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Cable announces SME bank

Sarah Davidson

September 24, 2012

The new “arms-length” institution will receive £1bn of tax-payers’ money and aim to make £10bn of finance available to SME borrowers.

It will bring together in one place Government finance support for small and mid-sized businesses. It will also control the Government’s interests in a new wholesale funding mechanism which will be developed to unlock institutional investment to benefit small businesses.

It will be professionally run and commercially focused. It will facilitate the provision of loans including long-term capital to UK firms through banks and other financial institutions.

By harnessing the power of capital markets the department for business innovation and skills said it has the potential to “transform” business finance in the UK.

The new institution will operate through the wholesale markets, it will not have any retail presence and will not displace or subsidise banks. Its role is to encourage the development of private sector solutions and enable the market to work properly, not compete with it.

Cable said: “For decades British industry has lacked the sort of diverse, long-term finance that is quite normal elsewhere. We need a British business bank with a clean balance sheet and a mandate to expand lending rapidly and we are now going to get it.”

It is hoped that state cash, which will come from existing budgets not extra borrowing, will be matched or exceeded by private money.

In response to the government’s proposal, John Cridland CBI director general said: “By bringing together all existing support into a one-stop shop, and by increasing the supply of capital to firms that want to grow long-term, the business bank has the potential to support lending and help SMEs to grow.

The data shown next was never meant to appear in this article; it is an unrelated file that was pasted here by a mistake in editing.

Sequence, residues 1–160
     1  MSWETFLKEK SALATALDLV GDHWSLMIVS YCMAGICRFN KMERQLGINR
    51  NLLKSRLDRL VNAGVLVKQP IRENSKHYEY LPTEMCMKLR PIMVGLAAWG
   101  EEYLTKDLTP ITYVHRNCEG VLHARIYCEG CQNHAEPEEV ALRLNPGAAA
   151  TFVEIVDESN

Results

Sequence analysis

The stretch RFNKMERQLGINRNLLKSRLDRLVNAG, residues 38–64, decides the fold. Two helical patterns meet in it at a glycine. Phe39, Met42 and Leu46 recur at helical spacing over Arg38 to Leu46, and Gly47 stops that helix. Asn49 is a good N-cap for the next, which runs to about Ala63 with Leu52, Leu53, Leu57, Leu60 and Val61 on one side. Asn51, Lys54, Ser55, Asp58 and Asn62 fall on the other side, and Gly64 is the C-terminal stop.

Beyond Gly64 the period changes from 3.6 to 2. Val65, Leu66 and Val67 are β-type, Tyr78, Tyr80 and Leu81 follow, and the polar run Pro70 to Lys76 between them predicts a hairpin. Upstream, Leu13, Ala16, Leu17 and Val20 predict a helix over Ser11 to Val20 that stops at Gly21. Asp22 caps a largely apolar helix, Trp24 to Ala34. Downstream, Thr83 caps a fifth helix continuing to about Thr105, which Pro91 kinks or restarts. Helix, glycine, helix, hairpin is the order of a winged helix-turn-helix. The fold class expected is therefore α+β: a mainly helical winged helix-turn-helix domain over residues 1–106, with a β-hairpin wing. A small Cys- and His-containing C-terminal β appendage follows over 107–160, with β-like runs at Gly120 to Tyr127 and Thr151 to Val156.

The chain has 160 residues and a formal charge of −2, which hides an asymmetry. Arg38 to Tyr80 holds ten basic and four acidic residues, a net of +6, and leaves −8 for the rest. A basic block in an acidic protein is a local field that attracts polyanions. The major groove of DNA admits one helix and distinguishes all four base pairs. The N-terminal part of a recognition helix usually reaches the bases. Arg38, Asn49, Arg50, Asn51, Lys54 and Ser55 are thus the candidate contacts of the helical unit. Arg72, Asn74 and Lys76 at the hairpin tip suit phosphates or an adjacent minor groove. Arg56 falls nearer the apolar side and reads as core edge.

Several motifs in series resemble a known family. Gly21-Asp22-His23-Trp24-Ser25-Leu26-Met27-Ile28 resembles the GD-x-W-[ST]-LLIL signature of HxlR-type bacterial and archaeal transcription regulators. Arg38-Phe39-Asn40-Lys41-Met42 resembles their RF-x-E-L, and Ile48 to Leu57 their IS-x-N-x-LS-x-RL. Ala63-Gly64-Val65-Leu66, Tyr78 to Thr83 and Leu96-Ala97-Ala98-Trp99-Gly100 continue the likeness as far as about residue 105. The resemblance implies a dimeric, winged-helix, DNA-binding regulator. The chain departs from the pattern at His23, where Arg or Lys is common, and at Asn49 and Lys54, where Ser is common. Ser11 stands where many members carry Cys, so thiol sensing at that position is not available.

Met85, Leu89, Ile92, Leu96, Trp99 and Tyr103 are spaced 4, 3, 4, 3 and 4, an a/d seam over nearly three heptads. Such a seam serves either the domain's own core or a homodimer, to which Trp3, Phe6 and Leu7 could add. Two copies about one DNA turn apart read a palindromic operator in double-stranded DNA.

“The bank could also play a vital role in packaging up and selling debt from medium-sized companies, allowing them to access vital finance streams.”

And he added: “The Government must now work swiftly to get the bank up and running so that it can start helping SMEs as quickly as possible.”

Exact details about the bank will be made public in the Autumn statement on 5 December 2012.

Philip George, Interim CEO of Shawbrook Bank said,

“Today’s announcement is a very positive step by the government in its efforts to support small businesses and increase growth.

“With every week that goes by, the number of credit-worthy businesses struggling to borrow from high street banks increases. Many thousands of SMEs in this country are being stifled by the lack of credit, and we hope the new business bank will help increase lending so these businesses can once again expand and grow.

“Banks are being criticised for not lending to small businesses, but let’s not forget there are challenger banks like Shawbrook who are already working very hard to plug the gap left by the high street banks.

“Shawbrook launched in October 2011 with a commitment to making it easier and more straightforward for credit-worthy SMEs to borrow, and by the end of this year we hope to have £1 billion of assets on our balance sheet. We’re very proud of our growth since launch, and we believe it demonstrates the real demand among SMEs for a bank that is willing to lend.

“We look forward to hearing more details of the government’s business bank in the chancellor’s autumn statement, and hope to play our part the scheme.

“In the meantime, we will continue to fulfil the promise we made when we launched last year and provide no-nonsense lending to hard-working businesses and individuals around the country.”

Paul Aitken, CEO of borro, added: “Britain prides itself on its entrepreneurial spirit, but the sad reality is that the financial downturn has caused – and continues to cause – short-term financing issues for SMEs.

“Entrepreneurs country-wide wait to see if there will be a return to mainstream sources of finance following today’s announcement from the business secretary.

“The Business Bank should inject some hope into small and medium sized businesses however, so many initiatives have been promised that have failed to meet the objectives set, that the Government will need to put its money where its mouth is.

“In the meantime, we know that currently around sixty per cent of borro’s customers are small business owners. These individuals have helped secure their business’ future through loans offered against their personal assets such as fine art, fine wine and jewellery; an alternative solution for helping a business through both periods of irregular cash flow and growth.”


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